• Over the years, several states have withdrawn general consent, including Sikkim, Nagaland, Chhattisgarh and Karnataka, which stands out as an example for the recent move.

Does the CBI can no longer probe any case in the two states?

  • The general consent has been withdrawn by the two states under Section 6 of the Delhi Special Police Establishment Act, 1946.
  • Section 6 of the Act bars any member of the Delhi Special Police Establishment to exercise powers and jurisdiction in any area in a State, without the consent of the Government of that State.
  • This is in stark contrast to Section 5 of the Act gives powers to the CBI over all areas in the country.
  • However, the CBI would still have the power to investigate old cases registered when general consent existed.
  • Also, cases registered anywhere else in the country, but involving people stationed in Andhra Pradesh and West Bengal, would allow CBI’s jurisdiction to extend to these states.
  • There is ambiguity on whether the agency can carry out a search in either of the two states in connection with an old case without the consent of the state government.
  • However, there are legal remedies to that as well.
  • The CBI can always get a search warrant from a local court in the state and conduct searches.
  • In case the search requires a surprise element, Section 166 of CrPC allows a police officer of one jurisdiction to ask an officer of another to carry out searches on his behalf.
  • And if the first officer feels that the searches by the latter may lead to loss of evidence, the section allows the first officer to conduct searches himself after giving a notice to the latter.

What happens in fresh cases?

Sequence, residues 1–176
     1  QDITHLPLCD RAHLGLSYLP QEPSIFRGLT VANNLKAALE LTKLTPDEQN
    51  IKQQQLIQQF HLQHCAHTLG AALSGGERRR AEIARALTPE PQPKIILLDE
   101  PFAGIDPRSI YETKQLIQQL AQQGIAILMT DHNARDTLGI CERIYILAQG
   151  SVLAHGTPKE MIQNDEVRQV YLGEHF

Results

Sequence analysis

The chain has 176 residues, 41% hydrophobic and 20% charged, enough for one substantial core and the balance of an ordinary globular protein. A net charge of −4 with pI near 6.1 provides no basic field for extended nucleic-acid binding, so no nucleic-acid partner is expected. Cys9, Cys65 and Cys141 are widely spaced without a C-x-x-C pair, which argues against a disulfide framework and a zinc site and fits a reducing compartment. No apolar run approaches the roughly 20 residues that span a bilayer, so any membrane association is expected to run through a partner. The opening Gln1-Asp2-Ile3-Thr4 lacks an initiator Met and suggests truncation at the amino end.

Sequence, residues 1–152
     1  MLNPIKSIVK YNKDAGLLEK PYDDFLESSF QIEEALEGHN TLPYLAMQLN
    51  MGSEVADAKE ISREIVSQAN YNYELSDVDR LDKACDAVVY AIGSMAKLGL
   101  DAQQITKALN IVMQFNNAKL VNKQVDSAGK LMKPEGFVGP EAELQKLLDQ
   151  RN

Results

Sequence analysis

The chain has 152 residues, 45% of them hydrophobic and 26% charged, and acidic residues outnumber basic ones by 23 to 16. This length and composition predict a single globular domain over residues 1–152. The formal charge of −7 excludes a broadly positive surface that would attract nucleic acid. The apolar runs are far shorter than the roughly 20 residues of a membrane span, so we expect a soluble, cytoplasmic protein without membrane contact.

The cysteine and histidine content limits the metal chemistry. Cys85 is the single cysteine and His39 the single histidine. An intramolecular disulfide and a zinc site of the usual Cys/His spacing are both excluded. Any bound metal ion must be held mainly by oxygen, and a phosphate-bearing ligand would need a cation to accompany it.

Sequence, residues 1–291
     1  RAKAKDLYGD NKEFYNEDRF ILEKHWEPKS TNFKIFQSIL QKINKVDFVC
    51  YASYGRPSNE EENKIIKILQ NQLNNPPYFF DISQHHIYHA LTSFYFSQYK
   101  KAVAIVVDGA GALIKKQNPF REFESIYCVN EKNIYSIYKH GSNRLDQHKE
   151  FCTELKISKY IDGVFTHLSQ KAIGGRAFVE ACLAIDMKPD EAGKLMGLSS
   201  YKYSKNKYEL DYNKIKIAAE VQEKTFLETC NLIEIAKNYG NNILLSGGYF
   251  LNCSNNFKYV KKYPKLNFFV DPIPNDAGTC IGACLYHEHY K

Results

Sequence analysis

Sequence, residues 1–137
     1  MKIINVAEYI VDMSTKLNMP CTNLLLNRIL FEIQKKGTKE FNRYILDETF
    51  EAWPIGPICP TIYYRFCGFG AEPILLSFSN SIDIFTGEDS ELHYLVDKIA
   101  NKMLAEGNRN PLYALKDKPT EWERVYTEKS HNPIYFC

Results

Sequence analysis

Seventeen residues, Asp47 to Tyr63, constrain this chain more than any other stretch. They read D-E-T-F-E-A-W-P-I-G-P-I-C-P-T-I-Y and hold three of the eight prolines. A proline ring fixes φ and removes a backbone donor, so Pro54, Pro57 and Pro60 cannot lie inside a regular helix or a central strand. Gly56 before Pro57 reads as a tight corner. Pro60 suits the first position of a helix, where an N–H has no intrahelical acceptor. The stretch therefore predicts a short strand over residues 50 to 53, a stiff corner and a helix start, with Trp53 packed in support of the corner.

• Withdrawal of consent will only bar the CBI from registering a case within the jurisdiction of Andhra and Bengal.
  • The CBI could still file cases in Delhi and continue to probe people inside the two states.
  • The Delhi High Court makes it clear recently that the agency can probe anyone in a state that has withdrawn “general consent” if the case is not registered in that state.
  • The order was given with regard to a case of corruption in Chhattisgarh, which also gives consent on a case-to-case basis.
  • The court ordered that the CBI could probe the case without prior consent of the Chhattisgarh government since it was registered in Delhi.
  • Thus, if a state government believes that the ruling party’s ministers or members could be targeted by CBI on orders of the Centre, and that withdrawal of general consent would protect them, it would be a wrong assumption.
  • CBI could still register cases in Delhi which would require some part of the offence being connected with Delhi and still arrest and prosecute ministers or MPs.


Source: Indian Express



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Ashok Lamani 4 years

can CBI prosecute central government employees  of state if the case is registered in Delhi ? 

you have just mentioned mp or minister.